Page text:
If you are looking to build an investment portfolio financial advisors will often advise you to put in your money into a mutual fund. That way you have an investment professional managing your money and you don’t have to worry about it, as it is being taken care of. However, that isn’t good advice at all. In fact, you need to think twice before investing in mutual funds as actively managed mutual funds incur the highest fees (compared to other types of investment vehicles) and the majority of them do not outperform the market.
Mutual funds charge high fees
The first major drawback of investing in mutual funds is the high fees you incur, compared to other investment vehicles such as stocks, bonds, ETFs or index trackers. According to the Forbes article titled “The Real Cost Of Owning A Mutual Fund” independent financial advisor Ty Bernicke concludes from his research that the average cost of owning a mutual fund is 3.17% per year. That is the percentage you need to take off your annual percentage return each year!
While costs for mutual funds have decreased over the last few years (mainly due to the rise in popularity of low-cost ETFs) mutual funds will still charge you the highest fees amongst all of the main investment products. The main arguments by the fund management industry for the higher pricing is that “your portfolio is in safe hands as it is managed by a professional who will generate superior returns for you”. However, that is not the case.
The majority of mutual funds underperform the market
Not only are you being charged high fees for a portfolio manager managing your investments, but to top it off, the majority of fund managers do not outperform the market. Mutual funds are always set against a so-called benchmark. An example of a benchmark would be the S&P500 index for a US large cap stock fund or the MSCI World Bond Index for a global bond fund. The goal for fund managers is to outperform their benchmarks. That is what they are being paid to do. However, research has shown that the majority of mutual funds regularly underperform their benchmarks (i.e. the market that they are supposed to beat). So, not only do you lose returns as you are being charged high annual fees but the overall returns are often worse than if you were to buy the index that they are trying to outperform. So, what do you do?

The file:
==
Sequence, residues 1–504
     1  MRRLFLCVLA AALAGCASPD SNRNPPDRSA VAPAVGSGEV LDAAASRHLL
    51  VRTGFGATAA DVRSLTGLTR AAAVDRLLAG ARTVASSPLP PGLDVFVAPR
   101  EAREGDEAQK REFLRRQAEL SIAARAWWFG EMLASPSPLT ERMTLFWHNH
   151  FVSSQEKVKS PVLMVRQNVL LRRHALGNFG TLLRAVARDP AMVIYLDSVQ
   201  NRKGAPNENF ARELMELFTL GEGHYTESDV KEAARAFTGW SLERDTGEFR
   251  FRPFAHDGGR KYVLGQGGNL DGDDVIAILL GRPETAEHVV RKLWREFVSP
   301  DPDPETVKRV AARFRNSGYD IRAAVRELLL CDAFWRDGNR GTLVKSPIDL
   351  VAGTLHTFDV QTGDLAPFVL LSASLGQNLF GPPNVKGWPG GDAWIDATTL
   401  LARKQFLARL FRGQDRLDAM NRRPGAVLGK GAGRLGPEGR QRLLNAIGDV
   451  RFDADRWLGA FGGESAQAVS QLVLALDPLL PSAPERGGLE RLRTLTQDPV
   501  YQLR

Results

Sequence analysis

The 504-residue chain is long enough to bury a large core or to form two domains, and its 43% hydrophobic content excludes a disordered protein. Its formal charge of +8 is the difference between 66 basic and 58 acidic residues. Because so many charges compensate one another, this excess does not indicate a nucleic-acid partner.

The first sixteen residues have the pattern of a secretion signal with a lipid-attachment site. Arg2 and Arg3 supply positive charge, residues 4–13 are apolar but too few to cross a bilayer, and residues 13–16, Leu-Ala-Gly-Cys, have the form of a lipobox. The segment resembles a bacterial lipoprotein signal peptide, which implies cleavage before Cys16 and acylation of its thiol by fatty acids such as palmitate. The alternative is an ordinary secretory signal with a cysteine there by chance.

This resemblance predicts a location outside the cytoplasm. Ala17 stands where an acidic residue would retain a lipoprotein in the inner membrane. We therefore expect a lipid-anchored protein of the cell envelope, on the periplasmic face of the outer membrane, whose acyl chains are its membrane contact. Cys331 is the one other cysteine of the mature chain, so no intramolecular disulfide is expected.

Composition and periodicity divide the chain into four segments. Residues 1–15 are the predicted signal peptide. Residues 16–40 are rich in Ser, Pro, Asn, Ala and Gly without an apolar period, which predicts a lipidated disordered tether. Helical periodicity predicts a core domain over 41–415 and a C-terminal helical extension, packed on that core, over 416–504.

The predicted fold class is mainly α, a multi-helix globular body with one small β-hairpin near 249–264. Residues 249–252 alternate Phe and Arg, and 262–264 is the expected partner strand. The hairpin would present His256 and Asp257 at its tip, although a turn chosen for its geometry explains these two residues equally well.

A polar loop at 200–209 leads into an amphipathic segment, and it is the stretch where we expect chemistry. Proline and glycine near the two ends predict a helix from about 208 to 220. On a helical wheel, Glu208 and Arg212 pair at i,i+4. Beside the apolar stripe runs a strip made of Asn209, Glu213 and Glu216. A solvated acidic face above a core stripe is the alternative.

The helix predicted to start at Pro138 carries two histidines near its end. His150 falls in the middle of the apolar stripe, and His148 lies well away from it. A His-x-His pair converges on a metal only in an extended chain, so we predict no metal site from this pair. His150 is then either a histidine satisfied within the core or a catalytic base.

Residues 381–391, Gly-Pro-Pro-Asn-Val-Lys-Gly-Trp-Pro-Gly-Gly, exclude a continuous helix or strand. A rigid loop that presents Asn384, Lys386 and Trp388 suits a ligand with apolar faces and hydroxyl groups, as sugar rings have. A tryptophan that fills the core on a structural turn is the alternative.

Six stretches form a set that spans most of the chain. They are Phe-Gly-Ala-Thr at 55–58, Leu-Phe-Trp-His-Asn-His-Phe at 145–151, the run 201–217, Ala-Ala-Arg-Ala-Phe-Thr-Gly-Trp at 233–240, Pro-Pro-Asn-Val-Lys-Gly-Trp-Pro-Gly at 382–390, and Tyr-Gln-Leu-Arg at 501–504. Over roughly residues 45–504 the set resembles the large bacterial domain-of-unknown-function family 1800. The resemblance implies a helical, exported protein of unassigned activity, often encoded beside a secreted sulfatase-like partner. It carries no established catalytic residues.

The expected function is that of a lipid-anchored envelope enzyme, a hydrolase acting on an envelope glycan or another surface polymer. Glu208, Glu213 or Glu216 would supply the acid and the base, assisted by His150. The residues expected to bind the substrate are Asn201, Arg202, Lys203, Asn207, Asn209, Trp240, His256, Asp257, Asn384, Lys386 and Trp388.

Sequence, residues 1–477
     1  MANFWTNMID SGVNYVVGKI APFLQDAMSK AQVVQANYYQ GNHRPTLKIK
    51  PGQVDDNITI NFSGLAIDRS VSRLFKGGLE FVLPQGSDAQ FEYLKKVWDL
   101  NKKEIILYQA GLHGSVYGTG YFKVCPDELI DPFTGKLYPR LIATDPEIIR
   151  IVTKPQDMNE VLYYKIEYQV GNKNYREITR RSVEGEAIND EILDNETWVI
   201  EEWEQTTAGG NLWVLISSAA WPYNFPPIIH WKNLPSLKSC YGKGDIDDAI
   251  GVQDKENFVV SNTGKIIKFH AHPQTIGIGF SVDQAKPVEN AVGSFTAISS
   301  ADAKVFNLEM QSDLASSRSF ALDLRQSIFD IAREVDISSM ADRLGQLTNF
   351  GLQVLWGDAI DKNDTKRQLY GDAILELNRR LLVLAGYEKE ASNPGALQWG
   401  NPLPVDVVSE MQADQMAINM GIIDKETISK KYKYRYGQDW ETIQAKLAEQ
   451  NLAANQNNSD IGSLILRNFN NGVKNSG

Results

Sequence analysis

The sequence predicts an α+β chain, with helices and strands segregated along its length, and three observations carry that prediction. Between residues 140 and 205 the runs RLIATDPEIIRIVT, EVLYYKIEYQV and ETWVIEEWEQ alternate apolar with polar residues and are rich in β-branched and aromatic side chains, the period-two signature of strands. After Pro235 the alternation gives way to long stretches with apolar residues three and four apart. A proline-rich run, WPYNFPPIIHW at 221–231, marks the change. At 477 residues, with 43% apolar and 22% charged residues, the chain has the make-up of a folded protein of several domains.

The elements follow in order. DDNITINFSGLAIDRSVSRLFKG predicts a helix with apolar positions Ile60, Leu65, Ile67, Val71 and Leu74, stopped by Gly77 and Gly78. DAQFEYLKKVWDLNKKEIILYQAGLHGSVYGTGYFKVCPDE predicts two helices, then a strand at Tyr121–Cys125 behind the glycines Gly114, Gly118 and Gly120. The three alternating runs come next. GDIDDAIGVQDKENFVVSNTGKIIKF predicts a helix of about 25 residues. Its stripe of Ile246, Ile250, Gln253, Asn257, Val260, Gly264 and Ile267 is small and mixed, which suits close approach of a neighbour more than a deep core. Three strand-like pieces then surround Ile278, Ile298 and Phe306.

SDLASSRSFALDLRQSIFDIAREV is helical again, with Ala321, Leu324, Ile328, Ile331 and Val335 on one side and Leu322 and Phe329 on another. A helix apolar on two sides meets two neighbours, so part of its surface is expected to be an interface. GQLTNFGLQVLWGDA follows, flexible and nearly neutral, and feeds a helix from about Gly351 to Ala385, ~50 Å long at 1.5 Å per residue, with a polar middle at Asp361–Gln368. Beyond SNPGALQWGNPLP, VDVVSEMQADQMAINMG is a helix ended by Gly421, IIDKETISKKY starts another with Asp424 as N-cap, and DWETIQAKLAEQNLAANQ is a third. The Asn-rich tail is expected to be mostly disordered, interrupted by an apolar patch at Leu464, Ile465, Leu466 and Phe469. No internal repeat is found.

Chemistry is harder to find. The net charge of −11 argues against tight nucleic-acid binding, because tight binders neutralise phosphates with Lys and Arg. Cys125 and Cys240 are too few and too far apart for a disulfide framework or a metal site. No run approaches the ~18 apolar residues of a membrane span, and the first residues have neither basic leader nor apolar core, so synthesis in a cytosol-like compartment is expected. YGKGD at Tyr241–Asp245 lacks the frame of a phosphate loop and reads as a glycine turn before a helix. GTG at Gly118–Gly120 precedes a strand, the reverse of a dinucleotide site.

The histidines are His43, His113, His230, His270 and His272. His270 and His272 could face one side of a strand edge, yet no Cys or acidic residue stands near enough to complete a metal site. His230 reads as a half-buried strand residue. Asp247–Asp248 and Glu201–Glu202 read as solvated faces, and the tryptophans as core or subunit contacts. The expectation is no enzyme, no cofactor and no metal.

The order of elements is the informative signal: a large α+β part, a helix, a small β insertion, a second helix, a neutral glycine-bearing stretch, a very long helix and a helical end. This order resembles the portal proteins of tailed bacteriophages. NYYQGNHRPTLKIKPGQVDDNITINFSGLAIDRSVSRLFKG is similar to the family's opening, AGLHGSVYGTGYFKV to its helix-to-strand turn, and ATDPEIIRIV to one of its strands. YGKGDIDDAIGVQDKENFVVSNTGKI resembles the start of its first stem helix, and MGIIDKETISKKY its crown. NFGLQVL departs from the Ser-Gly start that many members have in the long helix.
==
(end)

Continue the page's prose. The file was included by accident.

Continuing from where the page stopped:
Invest in low-cost index tracker funds or ETFs instead
The smart alternative is to invest in low-cost index tracker funds or ETFs (exchange-traded funds). Not only will they outperform the majority of actively managed mutual funds, but you will also generate higher returns long-term as you will save a chunk of money on fees. Index tracker funds, as the name suggests, are funds that track a specific index. As they are passively managed they incur much lower fees than actively managed mutual funds and, on average, perform better. ETFs are very similar to index-tracker funds, as they generally also track an index, but ETFs are traded on the stock exchange.
“The goal of the nonprofessional should not be to pick winners — neither he nor his ‘helpers’ can do that — but should rather be to own a cross section of businesses that in aggregate are bound to do well. A low-cost S&P 500 index fund will achieve this goal.”
— Warren Buffett, 2013 letter to Berkshire Hathaway shareholders
But don’t actively managed funds do better during a falling market? No!
Another argument that mutual fund managers like to make is that actively managed funds do better than index trackers and ETFs during a bear market (i.e. when the market goes down) as they can be more versatile and shift portfolio holdings around. However, research suggests that this argument doesn’t hold and that even during bear markets most mutual funds do not outperform their benchmarks.
As actively managed mutual funds charge you higher fees and, on average, underperform the market there is really no reason for you to put your money into a mutual fund. Look at low-cost index trackers or ETFs instead to invest in the segments of the market you want to be invested in.
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